Shutting Down the Yard for the Season
Fall is a fabulous time of year. You get to breathe in fresh air and enjoy colors that take your breath away. It is also the season where we start to wind down and start to prepare for winter. Enjoying those last few weeks and get outside is a goal of anyone who loves to garden, but it can also lead to a long list of things to accomplish. Here is a little advice from the experts on how to properly shut down your yard, so you can start fresh in the spring.
Watering is one of the most important items on your to-do list. The best part is that it doesn’t take that much time if done correctly. We emphasize slow watering all year (Slow trickle on the garden hose for a long period of time depending on tree size). Fall is no exception, especially in years of drought.
Evergreens are particularly important to check in the fall. Winter can damage evergreens by transporation (water loss through leaves/needles) from winds. To help prevent wind damage, watering with a slow trickle should be applied at the base of the tree or shrub. While you water, examine your evergreens. Are there any broken branches? Broken limbs should be removed right away. You may also observe that the evergreen is starting to get some brown needles. This is common in the fall and is called ‘winter shed.’ Aside from it being a little unsightly, there is no concern here. You can remove the brown needles by hand but they will fall away on their own.
In years of lots of rainfall (2016 was one of those years) fungus on your trees, shrubs, and perennials may become prevalent in your yard. Fall is the best time to treat fungus and prevent it from coming back the following year. Remove ALL leaves that have spots on them and spray with Ferti-Lome Broad Spectrum Fungicide. Spraying should include the host plant and ground around where the plant was growing; fungal spores may reside on more than just the host plant. Often a follow up spraying should occur about 10 days later and again in the spring (read labels!).
Most of us want to clean up our flower beds by cutting back grasses and perennials for an easy start in the spring. However, it is a good idea to leave many of the perennials and grasses alone over the winter for the butterflies and beneficial insects. Many of these insects/butterflies rely on perennials and grasses to protect them. There are even insect houses that help protect your beneficial insects through the winter months. Grasses and perennials also provide birds with ample food during those tough winter months. For more reading on this topic read this article by the U of I Extension Office – Why NOT to Cut your Perennials this Fall.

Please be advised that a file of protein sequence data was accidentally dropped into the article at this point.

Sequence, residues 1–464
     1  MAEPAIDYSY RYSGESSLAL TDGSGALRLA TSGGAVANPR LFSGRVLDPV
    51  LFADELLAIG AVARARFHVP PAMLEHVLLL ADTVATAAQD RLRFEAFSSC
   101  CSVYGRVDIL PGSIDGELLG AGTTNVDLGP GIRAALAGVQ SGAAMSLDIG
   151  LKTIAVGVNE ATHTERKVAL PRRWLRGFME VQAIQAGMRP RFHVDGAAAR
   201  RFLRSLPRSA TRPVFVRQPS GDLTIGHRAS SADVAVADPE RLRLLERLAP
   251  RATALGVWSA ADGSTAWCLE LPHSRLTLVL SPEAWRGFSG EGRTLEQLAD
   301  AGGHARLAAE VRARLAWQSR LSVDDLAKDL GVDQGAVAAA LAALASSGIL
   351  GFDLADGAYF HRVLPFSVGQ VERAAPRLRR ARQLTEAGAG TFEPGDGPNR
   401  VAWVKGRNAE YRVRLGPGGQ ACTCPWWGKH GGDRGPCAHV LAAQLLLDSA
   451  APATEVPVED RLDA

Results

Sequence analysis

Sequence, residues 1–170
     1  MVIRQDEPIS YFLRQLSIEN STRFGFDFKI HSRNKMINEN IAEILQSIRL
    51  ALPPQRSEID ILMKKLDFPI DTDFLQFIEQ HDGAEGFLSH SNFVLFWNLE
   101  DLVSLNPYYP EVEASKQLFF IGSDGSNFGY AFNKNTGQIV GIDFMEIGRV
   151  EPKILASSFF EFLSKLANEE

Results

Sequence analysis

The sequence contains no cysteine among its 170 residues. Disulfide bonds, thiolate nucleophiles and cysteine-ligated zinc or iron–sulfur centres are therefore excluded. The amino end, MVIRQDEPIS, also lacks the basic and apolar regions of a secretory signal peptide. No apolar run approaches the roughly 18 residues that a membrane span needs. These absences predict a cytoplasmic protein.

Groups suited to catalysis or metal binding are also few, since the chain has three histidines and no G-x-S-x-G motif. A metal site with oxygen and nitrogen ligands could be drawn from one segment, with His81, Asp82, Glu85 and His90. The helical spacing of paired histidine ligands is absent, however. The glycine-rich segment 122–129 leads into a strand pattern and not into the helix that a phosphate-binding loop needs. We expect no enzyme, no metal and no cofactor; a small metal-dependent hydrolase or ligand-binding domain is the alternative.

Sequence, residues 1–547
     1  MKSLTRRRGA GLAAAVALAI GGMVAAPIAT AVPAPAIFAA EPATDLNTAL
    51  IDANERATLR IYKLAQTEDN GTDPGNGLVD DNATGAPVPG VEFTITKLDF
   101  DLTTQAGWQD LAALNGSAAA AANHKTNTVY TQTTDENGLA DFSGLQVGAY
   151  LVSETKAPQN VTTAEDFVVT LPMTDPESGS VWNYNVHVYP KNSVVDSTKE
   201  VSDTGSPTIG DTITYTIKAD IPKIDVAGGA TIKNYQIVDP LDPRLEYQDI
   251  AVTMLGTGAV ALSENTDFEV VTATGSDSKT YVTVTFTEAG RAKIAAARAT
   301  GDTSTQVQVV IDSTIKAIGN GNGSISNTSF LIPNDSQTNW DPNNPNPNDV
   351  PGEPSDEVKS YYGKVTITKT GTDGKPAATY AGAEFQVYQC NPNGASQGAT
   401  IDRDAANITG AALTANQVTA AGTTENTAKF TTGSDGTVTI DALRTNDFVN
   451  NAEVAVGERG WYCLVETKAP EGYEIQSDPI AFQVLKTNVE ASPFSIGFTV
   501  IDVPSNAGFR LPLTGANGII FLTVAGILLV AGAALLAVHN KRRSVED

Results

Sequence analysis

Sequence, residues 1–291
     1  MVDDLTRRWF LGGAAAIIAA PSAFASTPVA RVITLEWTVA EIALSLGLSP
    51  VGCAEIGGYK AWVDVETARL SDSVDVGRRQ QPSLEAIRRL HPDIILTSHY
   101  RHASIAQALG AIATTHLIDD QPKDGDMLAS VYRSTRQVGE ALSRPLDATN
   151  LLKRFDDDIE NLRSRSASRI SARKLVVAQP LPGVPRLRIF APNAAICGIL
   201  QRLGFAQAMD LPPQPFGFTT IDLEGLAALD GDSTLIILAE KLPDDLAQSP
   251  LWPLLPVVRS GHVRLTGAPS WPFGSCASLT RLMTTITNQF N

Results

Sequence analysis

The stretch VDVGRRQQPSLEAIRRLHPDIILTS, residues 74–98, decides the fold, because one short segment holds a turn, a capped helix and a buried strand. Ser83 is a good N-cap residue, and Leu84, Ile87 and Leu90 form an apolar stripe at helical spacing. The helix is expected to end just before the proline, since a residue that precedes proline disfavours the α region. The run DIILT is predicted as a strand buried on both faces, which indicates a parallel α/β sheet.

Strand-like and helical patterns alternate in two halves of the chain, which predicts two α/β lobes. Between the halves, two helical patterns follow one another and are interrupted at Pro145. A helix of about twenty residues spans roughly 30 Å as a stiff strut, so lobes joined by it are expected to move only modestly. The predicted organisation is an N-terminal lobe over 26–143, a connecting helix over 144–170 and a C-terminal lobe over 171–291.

Although we recommend leaving your perennials and grasses alone until spring, we do however recommend cleaning up many parts of your yard especially your lawn. Early in the fall fresh grass seed should be applied in thin areas to try to thicken grass for winter. This works for places that tend to be muddy once spring rains come or if you have a dog that runs over the same location. Apply fertilizer to entire lawns to thicken grass; we recommend Fertilome Winterizer (New Lawn Starter will also work). Regular mowing is important, but grass blades should NOT be cut extremely short going into the winter months. Lastly make sure that leaves are mowed or raked up off of the lawn. Leaves can create brown or dead spots in the lawn if not removed for months.
*Tip – The leaves that you rake up will make a great, inexpensive compost if you have flower and/or vegetable beds. Using chopped leaves will cut decay time and aid in decomposition.
Reminder that Tulip, Daffodil, Crocus, etc bulbs need to be planted in the fall. Bonemeal or Dutch Bulb Food should be applied when planting bulbs to promote root growth and thicken the bulb for sturdier spring flowers.
Whether you have a pondless waterfall, fountain, or bubbling stone, fall is the time to clean your basins and pull the pump. The pump should be stored in a basement IN WATER. This will keep all the mechanisms from drying out over the winter and increase the lifespan of your pump.
Ponds should be covered with a net to prevent leaves from falling in, unless you would like to get in to clean the pond when it is cold. Depending on pond depth and fish, heating systems may be needed at the intake to keep water flowing.
The last topic I would like to discuss is tool maintenance. Going into the winter months, proper tool care is very important. You should clean tools in a 1:1 ratio of bleach and water then dry them. This will kill off any fungal or bacterial residue still on blades. Bleach and water should be applied throughout the growing season as well. Don’t forget to clean out compost buckets, wheelbarrows, and wash garden gloves. After tools are clean, it is a good idea to sharpen everything, because no one likes working with a dull blade. You should apply WD-40 to the tools after sharpening. This will help prevent rust from forming on tools. If rust is a problem consider adding a container of either moth balls, chalk, or silica gel packets to your drawer to draw out moisture.
Hope this helps you feel a little more prepared for winter. Get out and enjoy that fresh air and fall colors before it is too cold to be outside. For questions on products listed in the blog post please call 815-672-8135
Happy Planting (Or cleaning up!)